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PC vendors trade price advantage for volume

PC vendors trade price advantage for volume

Analyst firm IDC says the continued recovery in local PC shipments in the first quarter of the year has come at the expense of average selling price.

PC shipments rose two percent over the previous quarter and nine percent year on year, IDC’s statistics show.

Signs of a post-recession recovery were evident by the fourth quarter of 2009, with a quarterly gain of 18 percent in shipments.

IDC market analyst Arunachalam Muthiah says the challenge for vendors is to maintain quarterly sales figures.

“Vendors are selling cheaper models. Shipments have increased dramatically, but in order to maintain revenue vendors need to sell more.”

However, Muthiah warns PC prices may rise when the goods and services tax increases to 15 percent in October.

Toshiba information systems division country manager Gary Wicks agrees the average PC selling price has fallen 10 percent in retail and the SMB market. However, he says this trend has been offset by a growth in sales of his company’s higher value products, such as the Portege ultra-lightweight laptop line and the Qosmio multimedia/gaming range.

“This illustrates the value of producing notebooks across every category, because the ups and downs of each group tend to balance each other out.”

Wicks says tier one retailers such as Dick Smith Electronics have competitive prices for newly-released Toshiba products. He says Toshiba’s price points will keep it competitive in the market.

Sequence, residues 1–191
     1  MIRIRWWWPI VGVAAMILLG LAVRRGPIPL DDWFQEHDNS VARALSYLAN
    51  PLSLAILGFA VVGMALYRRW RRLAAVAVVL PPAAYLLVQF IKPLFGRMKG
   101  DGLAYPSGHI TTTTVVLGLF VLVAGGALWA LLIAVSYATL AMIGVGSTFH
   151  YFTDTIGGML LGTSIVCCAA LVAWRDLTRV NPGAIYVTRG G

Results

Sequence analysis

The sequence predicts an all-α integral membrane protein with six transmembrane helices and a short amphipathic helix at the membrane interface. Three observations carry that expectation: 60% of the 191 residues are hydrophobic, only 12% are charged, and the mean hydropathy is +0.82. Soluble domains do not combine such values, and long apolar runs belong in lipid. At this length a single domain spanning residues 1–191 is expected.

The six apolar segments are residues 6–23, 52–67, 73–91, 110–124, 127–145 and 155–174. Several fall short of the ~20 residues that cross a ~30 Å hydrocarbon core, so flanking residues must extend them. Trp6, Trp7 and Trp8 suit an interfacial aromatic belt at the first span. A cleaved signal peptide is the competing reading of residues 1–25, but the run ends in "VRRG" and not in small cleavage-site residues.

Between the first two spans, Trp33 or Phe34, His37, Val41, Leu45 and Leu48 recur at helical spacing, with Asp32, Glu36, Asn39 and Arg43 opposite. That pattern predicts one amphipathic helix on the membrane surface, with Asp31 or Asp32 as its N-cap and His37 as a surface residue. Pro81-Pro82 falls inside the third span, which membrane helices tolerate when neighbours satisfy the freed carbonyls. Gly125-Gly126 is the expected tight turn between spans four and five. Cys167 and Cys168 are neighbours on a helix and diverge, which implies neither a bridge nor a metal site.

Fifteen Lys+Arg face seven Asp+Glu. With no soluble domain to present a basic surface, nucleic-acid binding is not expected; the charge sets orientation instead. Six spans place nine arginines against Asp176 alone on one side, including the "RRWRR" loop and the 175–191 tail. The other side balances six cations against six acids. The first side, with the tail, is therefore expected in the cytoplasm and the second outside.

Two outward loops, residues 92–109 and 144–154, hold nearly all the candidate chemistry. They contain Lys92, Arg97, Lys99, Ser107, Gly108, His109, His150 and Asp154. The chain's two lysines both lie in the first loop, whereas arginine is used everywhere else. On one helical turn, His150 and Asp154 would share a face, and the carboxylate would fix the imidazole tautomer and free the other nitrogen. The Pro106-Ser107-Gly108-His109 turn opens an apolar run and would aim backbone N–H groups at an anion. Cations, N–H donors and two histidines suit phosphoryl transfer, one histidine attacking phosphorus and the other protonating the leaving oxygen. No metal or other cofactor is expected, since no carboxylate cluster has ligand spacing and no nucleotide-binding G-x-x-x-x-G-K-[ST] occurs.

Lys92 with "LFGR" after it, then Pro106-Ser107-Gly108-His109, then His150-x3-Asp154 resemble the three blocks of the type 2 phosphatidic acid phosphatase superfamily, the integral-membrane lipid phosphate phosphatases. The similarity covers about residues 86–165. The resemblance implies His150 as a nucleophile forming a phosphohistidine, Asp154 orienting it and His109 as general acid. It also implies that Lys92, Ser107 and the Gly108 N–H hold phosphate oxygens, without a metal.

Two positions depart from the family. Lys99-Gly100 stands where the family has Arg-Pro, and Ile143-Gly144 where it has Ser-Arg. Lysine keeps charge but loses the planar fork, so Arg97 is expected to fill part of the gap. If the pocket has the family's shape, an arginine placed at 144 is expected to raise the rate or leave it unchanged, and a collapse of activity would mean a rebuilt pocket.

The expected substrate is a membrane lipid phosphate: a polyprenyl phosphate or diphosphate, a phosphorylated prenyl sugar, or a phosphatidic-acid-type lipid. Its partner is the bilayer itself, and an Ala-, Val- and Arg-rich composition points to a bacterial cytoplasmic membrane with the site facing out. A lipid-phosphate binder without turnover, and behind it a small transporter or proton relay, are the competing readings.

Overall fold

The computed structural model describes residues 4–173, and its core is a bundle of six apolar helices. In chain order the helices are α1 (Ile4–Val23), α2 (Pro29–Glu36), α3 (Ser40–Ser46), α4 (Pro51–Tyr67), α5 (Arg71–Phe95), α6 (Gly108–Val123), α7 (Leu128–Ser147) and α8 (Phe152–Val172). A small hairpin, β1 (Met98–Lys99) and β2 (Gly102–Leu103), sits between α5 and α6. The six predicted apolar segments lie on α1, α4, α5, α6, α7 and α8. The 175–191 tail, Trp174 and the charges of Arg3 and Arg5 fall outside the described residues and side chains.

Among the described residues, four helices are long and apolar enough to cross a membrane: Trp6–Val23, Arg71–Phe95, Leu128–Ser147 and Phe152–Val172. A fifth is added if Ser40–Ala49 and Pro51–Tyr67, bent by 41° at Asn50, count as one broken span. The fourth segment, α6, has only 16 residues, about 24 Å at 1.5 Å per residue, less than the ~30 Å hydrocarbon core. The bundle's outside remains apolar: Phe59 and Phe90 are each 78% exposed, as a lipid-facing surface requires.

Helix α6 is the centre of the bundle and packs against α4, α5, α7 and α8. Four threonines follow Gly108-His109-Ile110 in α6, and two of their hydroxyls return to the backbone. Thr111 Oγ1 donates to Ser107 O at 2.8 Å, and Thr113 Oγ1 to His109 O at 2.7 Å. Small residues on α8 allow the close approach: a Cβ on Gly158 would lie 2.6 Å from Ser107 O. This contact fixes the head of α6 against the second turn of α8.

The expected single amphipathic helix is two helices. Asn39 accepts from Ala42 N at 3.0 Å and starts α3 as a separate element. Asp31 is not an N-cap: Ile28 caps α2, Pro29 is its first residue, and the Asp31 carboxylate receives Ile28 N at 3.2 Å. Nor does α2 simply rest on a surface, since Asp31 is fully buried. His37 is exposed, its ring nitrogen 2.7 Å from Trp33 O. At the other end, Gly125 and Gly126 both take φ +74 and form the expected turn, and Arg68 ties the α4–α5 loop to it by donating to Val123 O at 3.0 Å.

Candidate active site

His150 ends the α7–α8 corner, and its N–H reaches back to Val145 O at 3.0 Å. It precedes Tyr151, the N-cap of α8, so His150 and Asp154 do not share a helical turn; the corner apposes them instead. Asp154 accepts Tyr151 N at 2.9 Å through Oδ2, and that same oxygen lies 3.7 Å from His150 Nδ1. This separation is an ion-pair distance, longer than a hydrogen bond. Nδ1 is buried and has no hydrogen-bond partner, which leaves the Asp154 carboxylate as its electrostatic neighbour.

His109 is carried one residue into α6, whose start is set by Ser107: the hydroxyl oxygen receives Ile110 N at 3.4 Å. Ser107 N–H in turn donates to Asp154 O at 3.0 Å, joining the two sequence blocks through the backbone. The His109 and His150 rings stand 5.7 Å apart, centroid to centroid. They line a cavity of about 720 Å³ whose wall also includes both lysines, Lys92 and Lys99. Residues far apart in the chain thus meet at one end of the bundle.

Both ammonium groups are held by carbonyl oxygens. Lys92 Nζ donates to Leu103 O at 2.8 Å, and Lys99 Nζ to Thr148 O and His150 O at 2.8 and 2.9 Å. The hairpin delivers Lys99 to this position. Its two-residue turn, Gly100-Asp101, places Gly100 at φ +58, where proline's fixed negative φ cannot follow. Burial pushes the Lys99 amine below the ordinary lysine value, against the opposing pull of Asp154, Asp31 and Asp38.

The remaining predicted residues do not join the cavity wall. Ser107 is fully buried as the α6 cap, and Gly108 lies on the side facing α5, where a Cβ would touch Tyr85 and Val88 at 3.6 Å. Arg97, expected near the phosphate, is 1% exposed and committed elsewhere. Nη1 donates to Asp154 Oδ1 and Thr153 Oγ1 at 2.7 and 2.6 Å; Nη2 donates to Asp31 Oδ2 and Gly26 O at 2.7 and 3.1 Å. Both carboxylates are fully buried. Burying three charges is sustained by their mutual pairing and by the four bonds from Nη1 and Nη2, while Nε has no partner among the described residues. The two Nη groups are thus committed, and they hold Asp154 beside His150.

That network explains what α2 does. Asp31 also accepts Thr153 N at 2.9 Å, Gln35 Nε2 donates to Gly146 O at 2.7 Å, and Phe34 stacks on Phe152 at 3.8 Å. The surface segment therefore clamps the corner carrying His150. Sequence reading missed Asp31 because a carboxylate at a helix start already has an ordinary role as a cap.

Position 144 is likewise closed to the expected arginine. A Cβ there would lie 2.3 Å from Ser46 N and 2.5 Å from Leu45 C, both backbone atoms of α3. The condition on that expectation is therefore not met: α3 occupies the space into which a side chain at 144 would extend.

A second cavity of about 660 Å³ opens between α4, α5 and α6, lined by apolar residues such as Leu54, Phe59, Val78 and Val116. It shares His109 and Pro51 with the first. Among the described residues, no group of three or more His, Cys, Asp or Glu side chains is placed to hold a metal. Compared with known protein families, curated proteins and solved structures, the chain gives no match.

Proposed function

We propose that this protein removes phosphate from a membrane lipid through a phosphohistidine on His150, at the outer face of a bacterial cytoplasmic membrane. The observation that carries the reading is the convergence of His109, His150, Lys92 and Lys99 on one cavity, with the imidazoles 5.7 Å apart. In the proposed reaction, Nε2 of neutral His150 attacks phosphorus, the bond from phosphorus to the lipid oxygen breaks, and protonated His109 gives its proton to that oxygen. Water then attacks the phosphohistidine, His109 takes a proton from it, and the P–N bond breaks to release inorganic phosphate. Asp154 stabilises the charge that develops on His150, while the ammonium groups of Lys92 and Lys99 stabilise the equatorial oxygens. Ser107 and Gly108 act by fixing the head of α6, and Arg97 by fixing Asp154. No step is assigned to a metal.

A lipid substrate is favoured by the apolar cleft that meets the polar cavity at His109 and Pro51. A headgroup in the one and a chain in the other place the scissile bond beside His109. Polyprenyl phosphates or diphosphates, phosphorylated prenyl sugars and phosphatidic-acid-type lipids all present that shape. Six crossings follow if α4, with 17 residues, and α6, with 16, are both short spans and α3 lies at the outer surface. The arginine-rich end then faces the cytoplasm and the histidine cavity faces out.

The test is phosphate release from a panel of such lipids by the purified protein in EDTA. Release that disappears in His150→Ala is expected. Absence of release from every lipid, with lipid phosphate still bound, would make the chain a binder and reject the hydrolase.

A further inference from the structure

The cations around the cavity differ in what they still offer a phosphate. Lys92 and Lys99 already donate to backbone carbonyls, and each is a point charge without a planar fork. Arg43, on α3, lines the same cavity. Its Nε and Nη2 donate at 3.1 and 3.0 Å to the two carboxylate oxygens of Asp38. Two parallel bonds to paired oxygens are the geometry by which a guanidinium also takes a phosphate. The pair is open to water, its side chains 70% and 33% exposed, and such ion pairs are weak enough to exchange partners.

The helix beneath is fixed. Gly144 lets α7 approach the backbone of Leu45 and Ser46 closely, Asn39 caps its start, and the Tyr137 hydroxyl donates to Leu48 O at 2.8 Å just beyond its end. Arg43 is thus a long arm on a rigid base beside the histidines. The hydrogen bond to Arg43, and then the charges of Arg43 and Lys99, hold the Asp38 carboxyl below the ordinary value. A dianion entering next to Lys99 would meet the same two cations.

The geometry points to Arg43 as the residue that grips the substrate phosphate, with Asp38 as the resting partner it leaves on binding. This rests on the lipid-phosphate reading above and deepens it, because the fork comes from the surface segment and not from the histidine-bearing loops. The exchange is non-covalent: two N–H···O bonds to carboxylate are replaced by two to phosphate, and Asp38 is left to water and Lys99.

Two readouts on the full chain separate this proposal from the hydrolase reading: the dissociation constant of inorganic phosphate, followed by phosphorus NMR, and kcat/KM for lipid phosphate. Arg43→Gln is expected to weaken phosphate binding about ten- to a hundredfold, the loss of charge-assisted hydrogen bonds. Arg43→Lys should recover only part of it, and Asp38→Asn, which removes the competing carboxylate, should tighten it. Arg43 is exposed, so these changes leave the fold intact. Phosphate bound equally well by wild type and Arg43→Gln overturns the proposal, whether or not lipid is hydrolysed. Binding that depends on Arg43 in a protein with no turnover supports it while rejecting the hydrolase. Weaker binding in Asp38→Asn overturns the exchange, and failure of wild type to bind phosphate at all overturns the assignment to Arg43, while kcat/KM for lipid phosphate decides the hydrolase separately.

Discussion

“If exchange rates remain as they are, then prices should remain stable.”

Acer ANZ marketing manager Robin Tang says the company has generally seen a reduction in mobile computing average selling prices over the past six months.

“This is in part due to the increased mix of netbooks. Overall, the Acer quantity increase compensates for the drop in the average selling price, resulting in the growth of market share.”

He adds that in addition to achieving the number-two position locally, Acer has held a global number-two position in notebooks since Q4 2009.

“The gap between HP and Acer has also narrowed from the past quarter. The growth largely came from selling more notebooks in the US and Europe region, mainly in retail and SMB.”

HP personal systems group marketing communications manager Jess Rangi says the vendor was in a financial quiet period and she could not comment on IDC’s information.


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